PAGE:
Using DefaultAzureCredential with SDK management libraries
DefaultAzureCredential works with newer versions of the Azure SDK management libraries, that is, those "Resource Management" libraries with "mgmt" in their names that also appear on the Libraries using azure.core list. (Also, the pypi page for an updated library usually includes the line, "Credential system has been completely revamped" to indicate the change.)
For example, you can use
DefaultAzureCredential with version 15.0.0 or higher of azure-mgmt-resource:
from azure.identity import DefaultAzureCredential from azure.mgmt.resource import SubscriptionClient credential = DefaultAzureCredential() subscription_client = SubscriptionClient(credential) sub_list = subscription_client.subscriptions.list() print(list(sub_list))
If the library has not been updated, code using
DefaultAzureCredential will given the "object has no attribute 'signed-session'" as described in the next section.
Credential "object has no attribute 'signed_session'"
If you attempt to use
AzureCliCredential and other credential objects from azure.identity) with a library that has not been updated to use azure.core, calls through a client object fail with the rather vague error, "'DefaultAzureCredential' object has no attribute 'signed_session'". You'd encounter such a failure, ror example, if you use the code in the preceding section with an azure-mgmt-resource library below version 15.
This error happens because non-azure.core versions of SDK management libraries assume that the credential object contains a
signed_session property, which is not present on
DefaultAzureCredential and other credential objects from azure.identity.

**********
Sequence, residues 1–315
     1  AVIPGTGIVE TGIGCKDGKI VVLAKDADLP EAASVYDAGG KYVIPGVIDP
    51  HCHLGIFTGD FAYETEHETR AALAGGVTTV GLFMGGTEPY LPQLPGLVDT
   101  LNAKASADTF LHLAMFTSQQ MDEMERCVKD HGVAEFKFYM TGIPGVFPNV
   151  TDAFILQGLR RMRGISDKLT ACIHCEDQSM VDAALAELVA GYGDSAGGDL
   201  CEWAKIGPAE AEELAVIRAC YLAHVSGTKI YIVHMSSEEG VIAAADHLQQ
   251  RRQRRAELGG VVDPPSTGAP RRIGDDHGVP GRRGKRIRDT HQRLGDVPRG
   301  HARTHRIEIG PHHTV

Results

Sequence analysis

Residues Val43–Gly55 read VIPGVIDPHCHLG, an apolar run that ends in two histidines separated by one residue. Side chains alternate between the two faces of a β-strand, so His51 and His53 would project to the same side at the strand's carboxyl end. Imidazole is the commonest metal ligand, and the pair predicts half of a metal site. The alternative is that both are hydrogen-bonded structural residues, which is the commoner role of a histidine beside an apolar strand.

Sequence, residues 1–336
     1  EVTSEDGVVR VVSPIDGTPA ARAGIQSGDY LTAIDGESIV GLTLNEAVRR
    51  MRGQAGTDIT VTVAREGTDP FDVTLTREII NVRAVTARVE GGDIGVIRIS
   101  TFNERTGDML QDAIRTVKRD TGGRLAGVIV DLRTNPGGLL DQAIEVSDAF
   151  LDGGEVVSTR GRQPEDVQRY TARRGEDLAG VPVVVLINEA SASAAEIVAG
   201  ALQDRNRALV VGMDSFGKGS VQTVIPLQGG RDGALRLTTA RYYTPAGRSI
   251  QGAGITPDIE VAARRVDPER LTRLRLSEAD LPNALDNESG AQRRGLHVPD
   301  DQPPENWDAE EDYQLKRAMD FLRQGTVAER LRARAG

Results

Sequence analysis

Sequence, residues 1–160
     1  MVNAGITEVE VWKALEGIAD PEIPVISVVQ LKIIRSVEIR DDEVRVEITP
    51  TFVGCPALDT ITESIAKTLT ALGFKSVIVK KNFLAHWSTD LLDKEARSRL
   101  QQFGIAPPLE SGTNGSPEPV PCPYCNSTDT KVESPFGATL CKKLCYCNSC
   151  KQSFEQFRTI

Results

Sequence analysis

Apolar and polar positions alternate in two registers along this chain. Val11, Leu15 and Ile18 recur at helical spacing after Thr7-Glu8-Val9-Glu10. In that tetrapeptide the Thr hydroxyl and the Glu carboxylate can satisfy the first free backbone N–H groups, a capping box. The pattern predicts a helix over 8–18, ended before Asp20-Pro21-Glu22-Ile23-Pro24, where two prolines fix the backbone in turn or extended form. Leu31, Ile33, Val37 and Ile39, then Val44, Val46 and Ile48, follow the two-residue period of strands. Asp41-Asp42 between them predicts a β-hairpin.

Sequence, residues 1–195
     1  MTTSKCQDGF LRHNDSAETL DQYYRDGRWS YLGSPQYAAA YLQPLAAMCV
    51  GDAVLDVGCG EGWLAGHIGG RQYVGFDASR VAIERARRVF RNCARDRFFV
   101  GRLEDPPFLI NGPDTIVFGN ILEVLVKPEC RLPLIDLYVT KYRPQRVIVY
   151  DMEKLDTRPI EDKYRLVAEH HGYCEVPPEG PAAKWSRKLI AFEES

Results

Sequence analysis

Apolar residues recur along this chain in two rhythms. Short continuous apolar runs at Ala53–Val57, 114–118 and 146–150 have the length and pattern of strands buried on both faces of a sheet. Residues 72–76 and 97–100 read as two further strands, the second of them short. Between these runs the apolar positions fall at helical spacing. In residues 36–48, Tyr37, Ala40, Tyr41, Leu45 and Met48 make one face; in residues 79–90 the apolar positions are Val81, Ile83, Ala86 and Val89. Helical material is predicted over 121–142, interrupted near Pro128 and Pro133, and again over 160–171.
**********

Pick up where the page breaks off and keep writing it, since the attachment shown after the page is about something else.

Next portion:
If the management library you want to use has not yet been updated, then you can use the following alternate methods:
Use one of the other authentication methods describe in subsequent sections of this article, which can work well for code that uses only SDK management libraries and that won't be deployed to the cloud, in which case you can rely on local service principals only.
DefaultAzureCredential, use the CredentialWrapper class (cred_wrapper.py) that's provided by a member of the Azure SDK engineering team. Once the desired management library is available, switch back to
DefaultAzureCredential. This method has the advantage that you can use the same credential with both SDK client and management libraries, and it works both locally and in the cloud.
Assuming that you've downloaded a copy of cred_wrapper.py into your project folder, the previous code would appear as follows:
from cred_wrapper import CredentialWrapper from azure.mgmt.resource import SubscriptionClient credential = CredentialWrapper() subscription_client = SubscriptionClient(credential) subscription = next(subscription_client.subscriptions.list()) print(subscription.subscription_id)
Again, once updated management libraries are available, you can use
DefaultAzureCredentialdirectly as shown in the original code example.
Other authentication methods
DefaultAzureCredential is the recommended authentication method for most scenarios, other methods are available with the following caveats:
Most of the methods work with explicit service principals and don't take advantage of managed identity for code that's deployed to the cloud. When used with production code, then, you must manage and maintain distinct service principals for your cloud applications.